# Perms and Combs... a nightmare!

• Nov 7th 2011, 09:29 PM
Oaky
Perms and Combs... a nightmare!
Hey :)

Probability is such a nightmare for me, here's a two part Q I'm struggling with.

A jar contains 5 red, 2 blue and 3 green marbles. What is the probablity of choosing:
a) at least one green and at least one red marble
b) at least one red given that at least one green is chosen

For part B I'm using the formula of Pr(A|B) = Pr(A int B) / (Pr B), but I cannot for the life of me figure out how to get the intersection of "at least one red" and "at least one green".

Help would be much appreciated, thanks all!
• Nov 7th 2011, 11:52 PM
Prove It
Re: Perms and Combs... a nightmare!
Quote:

Originally Posted by Oaky
Hey :)

Probability is such a nightmare for me, here's a two part Q I'm struggling with.

A jar contains 5 red, 2 blue and 3 green marbles. What is the probablity of choosing:
a) at least one green and at least one red marble
b) at least one red given that at least one green is chosen

For part B I'm using the formula of Pr(A|B) = Pr(A int B) / (Pr B), but I cannot for the life of me figure out how to get the intersection of "at least one red" and "at least one green".

Help would be much appreciated, thanks all!

For a) you don't need to worry about intersections. Just use a tree diagram.

In fact, you can use the tree diagram for part b) as well. Just disregard everything that doesn't start with a green...
• Nov 8th 2011, 08:17 PM
Jaytohkay
Re: Perms and Combs... a nightmare!
Quote:

Originally Posted by Oaky
Hey :)

Probability is such a nightmare for me, here's a two part Q I'm struggling with.

A jar contains 5 red, 2 blue and 3 green marbles. What is the probablity of choosing:

a) at least one green and at least one red marble

Help would be much appreciated, thanks all!

(10 = the possible outcomes, 9 = possible outcome after first event, providing they're not independent events)

3 x 5
10 9

= 15
90

= 1
6
• Nov 9th 2011, 12:32 AM
Deveno
Re: Perms and Combs... a nightmare!
i believe this is only half the story.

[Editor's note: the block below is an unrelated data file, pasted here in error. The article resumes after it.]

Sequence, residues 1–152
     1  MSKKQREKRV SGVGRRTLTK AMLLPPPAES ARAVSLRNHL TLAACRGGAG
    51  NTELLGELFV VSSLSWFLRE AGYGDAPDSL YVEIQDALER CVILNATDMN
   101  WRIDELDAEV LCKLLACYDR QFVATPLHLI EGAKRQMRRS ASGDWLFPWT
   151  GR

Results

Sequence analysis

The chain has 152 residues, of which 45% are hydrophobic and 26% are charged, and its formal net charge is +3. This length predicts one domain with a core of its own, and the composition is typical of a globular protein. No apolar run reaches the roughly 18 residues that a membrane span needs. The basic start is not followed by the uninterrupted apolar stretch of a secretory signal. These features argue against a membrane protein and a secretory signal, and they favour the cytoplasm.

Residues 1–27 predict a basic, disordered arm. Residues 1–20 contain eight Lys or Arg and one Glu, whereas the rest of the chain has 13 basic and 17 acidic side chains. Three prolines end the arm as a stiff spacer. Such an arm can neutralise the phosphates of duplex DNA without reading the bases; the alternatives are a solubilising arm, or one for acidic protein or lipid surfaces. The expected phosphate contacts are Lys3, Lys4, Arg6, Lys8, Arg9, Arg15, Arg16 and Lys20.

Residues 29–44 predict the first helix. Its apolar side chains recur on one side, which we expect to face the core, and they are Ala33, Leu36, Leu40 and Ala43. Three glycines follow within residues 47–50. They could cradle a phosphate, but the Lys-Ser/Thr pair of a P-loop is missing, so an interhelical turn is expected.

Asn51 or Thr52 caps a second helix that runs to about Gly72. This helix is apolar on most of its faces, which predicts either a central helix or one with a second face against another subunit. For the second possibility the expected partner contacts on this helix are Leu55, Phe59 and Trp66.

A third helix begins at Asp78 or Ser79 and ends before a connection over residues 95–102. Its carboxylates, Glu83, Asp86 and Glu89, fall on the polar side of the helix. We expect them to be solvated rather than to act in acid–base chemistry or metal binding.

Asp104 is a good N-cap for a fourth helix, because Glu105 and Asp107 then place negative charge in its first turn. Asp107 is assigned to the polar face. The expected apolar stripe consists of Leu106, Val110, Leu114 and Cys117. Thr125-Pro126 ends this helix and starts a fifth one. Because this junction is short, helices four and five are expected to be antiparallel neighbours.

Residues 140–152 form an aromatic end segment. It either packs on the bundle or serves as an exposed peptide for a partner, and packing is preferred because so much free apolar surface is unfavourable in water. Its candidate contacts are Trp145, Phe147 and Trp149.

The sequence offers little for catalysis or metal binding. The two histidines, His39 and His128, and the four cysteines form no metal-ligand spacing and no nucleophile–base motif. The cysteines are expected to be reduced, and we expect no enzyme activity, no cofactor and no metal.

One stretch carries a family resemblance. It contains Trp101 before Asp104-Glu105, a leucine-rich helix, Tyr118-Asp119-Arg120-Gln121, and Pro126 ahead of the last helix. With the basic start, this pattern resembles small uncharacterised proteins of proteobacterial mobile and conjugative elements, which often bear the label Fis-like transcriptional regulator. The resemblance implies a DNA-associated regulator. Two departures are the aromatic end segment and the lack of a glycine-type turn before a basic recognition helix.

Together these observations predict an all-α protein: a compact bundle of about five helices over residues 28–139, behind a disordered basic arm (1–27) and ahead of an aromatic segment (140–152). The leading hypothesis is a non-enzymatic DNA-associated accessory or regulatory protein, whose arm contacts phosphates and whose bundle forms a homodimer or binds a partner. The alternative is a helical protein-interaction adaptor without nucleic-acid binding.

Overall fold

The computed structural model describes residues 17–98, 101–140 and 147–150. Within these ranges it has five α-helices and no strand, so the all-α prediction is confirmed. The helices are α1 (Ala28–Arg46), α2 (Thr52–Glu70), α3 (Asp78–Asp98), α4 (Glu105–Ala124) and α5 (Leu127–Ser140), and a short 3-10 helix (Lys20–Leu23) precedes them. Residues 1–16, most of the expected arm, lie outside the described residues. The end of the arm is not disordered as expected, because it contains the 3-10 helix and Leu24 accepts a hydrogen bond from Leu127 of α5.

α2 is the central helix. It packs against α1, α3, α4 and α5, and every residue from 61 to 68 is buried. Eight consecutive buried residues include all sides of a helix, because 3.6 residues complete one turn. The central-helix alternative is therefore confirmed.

yes, the chances of selecting a green marble, then a red marble is 1/6.

but the chance of selecting a red marble, then a green marble is (5/10)(3/9) = 1/6,

so the chance of either happening (as these are mutually exclusive chains of events) is 1/6 + 1/6 = 1/3.

also, there are 10!/(2!8!) = 45 ways to pick 2 marbles out of 10.

there are (5)(3) = 15 ways this pair could be a red and green pair. therefore, we have 15/45 = 1/3 chance of getting a red and green pair.
• Nov 9th 2011, 07:09 AM
Soroban
Re: Perms and Combs... a nightmare!
Hello, Oaky!

Didn't anyone notice that the problem is incomplete?

Quote:

A jar contains 5 red, 2 blue and 3 green marbles.
What is the probablity of choosing:

(a) at least one green and at least one red marble.

(b) at least one red, given that at least one green is chosen.

How many marbles are chosen?

Suppose 3 marbles are chosen.

Then there are: .$\displaystyle {10\choose3} \,=\,120$ possible outcomes.

(a) At least one G and at least one R.

GRR: .$\displaystyle {3\choose1}{5\choose2} \,=\,30$
GRG: .$\displaystyle {3\choose2}{5\choose1} \,=\,15$
GRB: .$\displaystyle {3\choose1}{5\choose1}{2\choose1} \,=\,30$

Hence, there are: .$\displaystyle 30+15+30 \,=\,75$ ways with at least 1 G and at least 1 R.

$\displaystyle P(G \ge 1\:\wedge\:R \ge 1) \:=\:\frac{75}{120} \:=\:\frac{5}{8}$

(b) At least 1 Red, given at least 1 G.

We have: .$\displaystyle P(R \ge1\,|\,G \ge 1) \;=\;\frac{P(R \ge 1\:\wedge\:G \ge 1)}{P(G \ge 1)}$

We found the numerator in part (a): .$\displaystyle P(R \ge 1\:\wedge\:G \ge 1) \:=\:\frac{5}{8}$

The denominator is:.$\displaystyle P(\text{at least 1 G})$

. . The opposite is:.$\displaystyle P(\text{no G})$

. . There are: .$\displaystyle {7\choose3} \,=\,35$ ways to get no G.

. . Then:.$\displaystyle P(\text{no G}) \:=\:\tfrac{35}{120} \:=\:\tfrac{7}{24}$

. . Hence: $\displaystyle P(\text{at least 1 G}) \:=\:1-\tfrac{7}{24} \:=\:\tfrac{17}{24}$

Therefore: .$\displaystyle P(R\ge1\,|\,G\ge1) \;=\;\dfrac{\frac{5}{7}}{\frac{17}{24}} \;=\;\frac{15}{17}$